Fighting for America

By Thomas Hauser
On November 23rd, DiBella Entertainment will present "Fighting For America," featuring nine professional bouts at Roseland Ballroom in New York. James "The Hammer" Butler, Brian Adams, and Olympians Jermain Taylor, Clarence Vinson, and Brian Viloria will headline the card. One hundred percent of the gate receipts will be donated to the Twin Towers Fund established by the City of New York to assist the families of police, firefighters, and other government personnel who died in the September 11th tragedy.
The three Olympians will donate their purses in full to the fund. Tickets will be priced from $50 to $200 and may be purchased through TicketMaster by calling 212-317-7171. Thomas Hauser has been asked to write the feature story for the night's fight program. SecondsOut readers get to see it first.

September 11, 2001

By Thomas Hauser

I'm very down on the overall state of boxing. From top to bottom, the sport is a mess. The business is endemically rotten. People lie and misrepresent and cheat as much on twenty-thousand-dollar club-fight cards as they do on the multimillion-dollar pay-per-view shows. There's endless scheming and plotting to hurt other people. The negative energy is overwhelming. One of the few good things about it for me so far has been dealing with the fighters. A lot of people told me that being on the side of the business that I am now would teach me that the fighters are as bad as everyone else. But that hasn't been the case. So far, I've found most of the fighters to be very special decent individuals. There have been disappointments, but I love working with people like Bernard Hopkins and Naseem Hamed. I enjoy the mentoring aspect of my relationship with the Olympians. There are times when I'm proud to be a member of the boxing community, and November 23rd will be one of them. -- Lou DiBella.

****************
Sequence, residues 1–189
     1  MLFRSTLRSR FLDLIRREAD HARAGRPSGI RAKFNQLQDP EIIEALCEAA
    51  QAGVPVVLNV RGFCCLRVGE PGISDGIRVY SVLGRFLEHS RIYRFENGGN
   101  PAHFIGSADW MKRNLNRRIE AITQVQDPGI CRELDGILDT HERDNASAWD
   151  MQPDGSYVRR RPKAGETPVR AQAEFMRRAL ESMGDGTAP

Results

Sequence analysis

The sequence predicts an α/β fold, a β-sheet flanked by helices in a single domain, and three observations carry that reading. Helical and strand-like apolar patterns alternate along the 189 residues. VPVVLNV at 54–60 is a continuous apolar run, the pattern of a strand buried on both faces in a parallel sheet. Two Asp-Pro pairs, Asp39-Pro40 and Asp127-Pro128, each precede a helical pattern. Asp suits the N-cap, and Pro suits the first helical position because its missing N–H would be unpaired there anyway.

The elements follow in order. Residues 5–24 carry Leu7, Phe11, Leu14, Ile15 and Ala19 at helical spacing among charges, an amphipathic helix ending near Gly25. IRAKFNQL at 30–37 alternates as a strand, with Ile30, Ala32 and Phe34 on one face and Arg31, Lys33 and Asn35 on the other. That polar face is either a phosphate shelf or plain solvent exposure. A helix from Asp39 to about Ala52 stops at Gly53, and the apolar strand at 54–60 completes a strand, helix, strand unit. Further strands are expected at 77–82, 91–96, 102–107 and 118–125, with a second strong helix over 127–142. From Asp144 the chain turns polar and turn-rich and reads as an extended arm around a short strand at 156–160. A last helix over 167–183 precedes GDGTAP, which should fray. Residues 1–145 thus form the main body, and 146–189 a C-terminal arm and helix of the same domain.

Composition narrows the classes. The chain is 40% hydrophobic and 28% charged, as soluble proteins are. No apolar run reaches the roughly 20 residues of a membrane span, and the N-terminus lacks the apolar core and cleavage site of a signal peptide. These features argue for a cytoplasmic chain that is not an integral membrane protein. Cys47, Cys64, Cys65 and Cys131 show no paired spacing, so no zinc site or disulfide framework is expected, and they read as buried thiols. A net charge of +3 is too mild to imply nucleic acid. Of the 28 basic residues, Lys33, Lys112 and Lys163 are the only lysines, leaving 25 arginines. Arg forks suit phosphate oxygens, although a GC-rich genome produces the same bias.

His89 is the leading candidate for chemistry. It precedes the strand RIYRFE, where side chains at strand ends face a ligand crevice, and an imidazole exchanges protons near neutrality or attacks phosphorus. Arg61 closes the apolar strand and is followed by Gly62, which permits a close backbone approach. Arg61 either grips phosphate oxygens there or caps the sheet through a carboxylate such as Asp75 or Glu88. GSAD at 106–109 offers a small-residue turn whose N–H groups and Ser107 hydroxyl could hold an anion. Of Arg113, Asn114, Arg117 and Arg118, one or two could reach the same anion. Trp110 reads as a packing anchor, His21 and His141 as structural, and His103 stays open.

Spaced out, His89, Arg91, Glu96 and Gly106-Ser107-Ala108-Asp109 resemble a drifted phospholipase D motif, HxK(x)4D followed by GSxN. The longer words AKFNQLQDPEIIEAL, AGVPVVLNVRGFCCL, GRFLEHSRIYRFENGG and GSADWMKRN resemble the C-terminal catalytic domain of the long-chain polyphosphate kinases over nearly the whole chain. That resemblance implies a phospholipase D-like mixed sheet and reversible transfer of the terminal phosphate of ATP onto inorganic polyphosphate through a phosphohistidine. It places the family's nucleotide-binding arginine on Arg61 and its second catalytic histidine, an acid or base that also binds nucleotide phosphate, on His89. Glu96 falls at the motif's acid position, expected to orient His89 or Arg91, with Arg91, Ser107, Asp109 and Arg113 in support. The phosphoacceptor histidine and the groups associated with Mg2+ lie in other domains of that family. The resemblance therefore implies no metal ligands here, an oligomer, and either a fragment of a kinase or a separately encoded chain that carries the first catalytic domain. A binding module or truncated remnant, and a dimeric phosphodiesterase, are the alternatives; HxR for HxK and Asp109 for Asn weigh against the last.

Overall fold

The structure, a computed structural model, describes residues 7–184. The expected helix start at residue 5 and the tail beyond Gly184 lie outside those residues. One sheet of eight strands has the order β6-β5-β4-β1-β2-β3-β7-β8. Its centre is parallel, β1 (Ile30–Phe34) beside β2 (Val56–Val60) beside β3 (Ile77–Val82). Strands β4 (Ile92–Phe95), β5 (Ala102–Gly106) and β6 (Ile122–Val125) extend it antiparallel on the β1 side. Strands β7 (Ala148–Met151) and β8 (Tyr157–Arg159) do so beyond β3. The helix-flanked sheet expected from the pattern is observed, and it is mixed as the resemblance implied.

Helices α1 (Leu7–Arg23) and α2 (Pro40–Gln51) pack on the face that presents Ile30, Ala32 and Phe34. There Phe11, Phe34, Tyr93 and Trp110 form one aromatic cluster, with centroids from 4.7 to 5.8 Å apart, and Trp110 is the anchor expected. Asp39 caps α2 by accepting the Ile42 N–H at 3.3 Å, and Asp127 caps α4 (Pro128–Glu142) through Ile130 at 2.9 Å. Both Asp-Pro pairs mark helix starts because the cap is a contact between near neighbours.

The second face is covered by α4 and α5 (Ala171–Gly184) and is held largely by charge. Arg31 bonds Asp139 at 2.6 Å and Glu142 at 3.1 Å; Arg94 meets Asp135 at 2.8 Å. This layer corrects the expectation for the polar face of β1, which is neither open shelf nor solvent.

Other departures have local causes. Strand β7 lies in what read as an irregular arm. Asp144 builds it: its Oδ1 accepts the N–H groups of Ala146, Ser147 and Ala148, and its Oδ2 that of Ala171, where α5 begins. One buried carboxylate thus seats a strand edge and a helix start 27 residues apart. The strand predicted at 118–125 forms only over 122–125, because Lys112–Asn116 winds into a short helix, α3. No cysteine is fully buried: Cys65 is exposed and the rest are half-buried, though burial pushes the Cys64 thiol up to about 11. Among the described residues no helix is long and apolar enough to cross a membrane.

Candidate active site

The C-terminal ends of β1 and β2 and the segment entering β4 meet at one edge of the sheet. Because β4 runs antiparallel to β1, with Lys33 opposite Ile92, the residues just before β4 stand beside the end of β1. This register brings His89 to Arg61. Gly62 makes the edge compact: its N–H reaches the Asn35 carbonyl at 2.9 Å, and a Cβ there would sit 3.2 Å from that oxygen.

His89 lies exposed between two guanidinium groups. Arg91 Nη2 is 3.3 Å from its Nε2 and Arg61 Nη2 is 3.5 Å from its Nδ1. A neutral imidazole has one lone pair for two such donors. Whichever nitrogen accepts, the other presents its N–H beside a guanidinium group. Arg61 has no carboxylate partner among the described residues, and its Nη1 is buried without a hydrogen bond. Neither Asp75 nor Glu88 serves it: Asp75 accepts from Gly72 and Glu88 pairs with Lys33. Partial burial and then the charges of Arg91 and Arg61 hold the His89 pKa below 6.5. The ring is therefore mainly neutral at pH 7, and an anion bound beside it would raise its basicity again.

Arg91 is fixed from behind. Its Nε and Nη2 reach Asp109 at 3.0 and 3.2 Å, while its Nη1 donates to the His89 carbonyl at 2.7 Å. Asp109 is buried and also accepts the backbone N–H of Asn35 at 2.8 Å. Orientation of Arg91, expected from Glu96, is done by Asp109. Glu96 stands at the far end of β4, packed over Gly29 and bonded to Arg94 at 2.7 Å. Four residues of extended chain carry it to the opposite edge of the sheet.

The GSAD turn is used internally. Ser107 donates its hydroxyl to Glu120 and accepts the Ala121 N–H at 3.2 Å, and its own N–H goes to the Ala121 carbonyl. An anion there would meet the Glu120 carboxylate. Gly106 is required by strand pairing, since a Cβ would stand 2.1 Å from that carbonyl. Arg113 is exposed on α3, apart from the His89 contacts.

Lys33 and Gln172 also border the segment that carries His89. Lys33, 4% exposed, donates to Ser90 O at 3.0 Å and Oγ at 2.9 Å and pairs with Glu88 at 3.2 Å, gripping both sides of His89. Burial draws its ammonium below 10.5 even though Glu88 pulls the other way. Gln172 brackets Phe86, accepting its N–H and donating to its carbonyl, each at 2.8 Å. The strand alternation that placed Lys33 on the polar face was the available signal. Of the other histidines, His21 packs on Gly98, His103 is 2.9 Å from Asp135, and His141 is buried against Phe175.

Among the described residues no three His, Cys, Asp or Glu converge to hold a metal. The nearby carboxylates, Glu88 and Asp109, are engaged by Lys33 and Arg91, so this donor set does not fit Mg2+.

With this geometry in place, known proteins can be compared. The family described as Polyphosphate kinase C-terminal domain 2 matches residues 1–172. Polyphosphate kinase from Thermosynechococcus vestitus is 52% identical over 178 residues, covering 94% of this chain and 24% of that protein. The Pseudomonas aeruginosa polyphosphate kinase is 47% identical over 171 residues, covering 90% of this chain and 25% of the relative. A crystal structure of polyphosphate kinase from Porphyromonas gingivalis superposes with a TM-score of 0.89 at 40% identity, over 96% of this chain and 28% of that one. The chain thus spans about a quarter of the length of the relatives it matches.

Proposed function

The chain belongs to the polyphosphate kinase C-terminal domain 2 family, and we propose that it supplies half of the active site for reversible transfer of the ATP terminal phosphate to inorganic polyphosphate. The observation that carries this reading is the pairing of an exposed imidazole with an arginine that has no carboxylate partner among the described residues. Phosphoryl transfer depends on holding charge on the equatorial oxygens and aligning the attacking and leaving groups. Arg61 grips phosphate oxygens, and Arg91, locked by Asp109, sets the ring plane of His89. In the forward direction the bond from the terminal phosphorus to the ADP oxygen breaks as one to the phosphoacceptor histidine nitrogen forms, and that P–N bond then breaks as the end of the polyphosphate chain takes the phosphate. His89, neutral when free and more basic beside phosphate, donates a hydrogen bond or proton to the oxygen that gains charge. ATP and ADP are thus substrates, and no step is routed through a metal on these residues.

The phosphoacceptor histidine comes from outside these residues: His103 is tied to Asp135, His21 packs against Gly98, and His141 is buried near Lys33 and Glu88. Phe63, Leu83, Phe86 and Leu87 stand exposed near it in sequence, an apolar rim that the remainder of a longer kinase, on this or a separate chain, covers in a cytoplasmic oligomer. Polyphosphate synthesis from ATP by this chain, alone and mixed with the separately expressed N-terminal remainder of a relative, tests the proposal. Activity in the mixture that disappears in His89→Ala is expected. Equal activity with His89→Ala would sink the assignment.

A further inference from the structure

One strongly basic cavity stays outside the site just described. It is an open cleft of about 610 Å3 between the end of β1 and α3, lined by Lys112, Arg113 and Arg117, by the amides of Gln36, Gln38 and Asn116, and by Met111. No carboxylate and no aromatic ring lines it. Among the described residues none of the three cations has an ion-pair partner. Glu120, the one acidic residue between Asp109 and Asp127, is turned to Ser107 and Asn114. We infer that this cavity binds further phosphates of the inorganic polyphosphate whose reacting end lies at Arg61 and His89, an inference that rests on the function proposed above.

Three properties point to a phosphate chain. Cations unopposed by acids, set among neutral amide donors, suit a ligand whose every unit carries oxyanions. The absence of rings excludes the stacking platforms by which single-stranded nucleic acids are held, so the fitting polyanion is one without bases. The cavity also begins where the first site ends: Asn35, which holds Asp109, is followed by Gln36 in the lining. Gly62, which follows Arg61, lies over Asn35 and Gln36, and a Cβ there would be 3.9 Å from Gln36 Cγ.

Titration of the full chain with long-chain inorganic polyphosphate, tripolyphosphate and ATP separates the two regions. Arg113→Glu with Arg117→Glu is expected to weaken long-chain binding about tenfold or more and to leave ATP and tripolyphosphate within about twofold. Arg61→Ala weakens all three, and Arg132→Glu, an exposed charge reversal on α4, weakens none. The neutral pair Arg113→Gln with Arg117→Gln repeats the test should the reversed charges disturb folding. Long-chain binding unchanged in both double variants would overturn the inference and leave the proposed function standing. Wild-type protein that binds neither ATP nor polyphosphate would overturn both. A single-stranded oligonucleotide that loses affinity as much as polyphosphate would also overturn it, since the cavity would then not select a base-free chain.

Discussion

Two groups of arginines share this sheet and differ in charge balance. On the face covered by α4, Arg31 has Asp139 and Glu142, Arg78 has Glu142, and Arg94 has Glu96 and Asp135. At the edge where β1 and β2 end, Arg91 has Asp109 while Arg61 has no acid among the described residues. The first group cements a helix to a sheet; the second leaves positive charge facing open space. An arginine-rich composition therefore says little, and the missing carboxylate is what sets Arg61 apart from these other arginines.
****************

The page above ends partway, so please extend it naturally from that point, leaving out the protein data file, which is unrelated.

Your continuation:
Roseland, where tonight's fights are being held, stands a block from Broadway. For a long time, in New York's theater industry when someone died young, the question asked was, "Did he die of AIDS?" Now, for a horrible 10 weeks, when we hear of someone dying young, the question asked is, "Did he die at the World Trade Center?"

The human mind is capable of conjuring up evil that, for some of us, is literally unimaginable. Any individual can end another person's life and wreck havoc on the lives of the victim's loved ones. A small group of plotters, indeed a lone assassin, can cause incalculable harm.

Once something has happened, we can't change it. We can't undo what has been done.

Yet one day can change the world. It happened in 1914, when Archduke Ferdinand was assassinated in Sarajevo, lighting the conflagration that became World War I. It happened at Pearl Harbor. And it happened again 10 weeks ago.

On September 11th, we all died a little. America was the target, but the entry point for the wound was New York.

We are aware of the twin towers more now in their absence than ever before. We're also uncomfortably aware of the fact that evil lurks just beneath the surface of our lives. There are places in the world where the type of violence we've just experienced is part of everyday life. But Americans have been largely immune to such cares. Most of us have had the luxury of going through life confident that the sudden ending, the tragic accident, the unspeakable horror, won't happen to us. To a friend; perhaps. To someone we know; probably, as a matter of statistical likelihood. But not to me.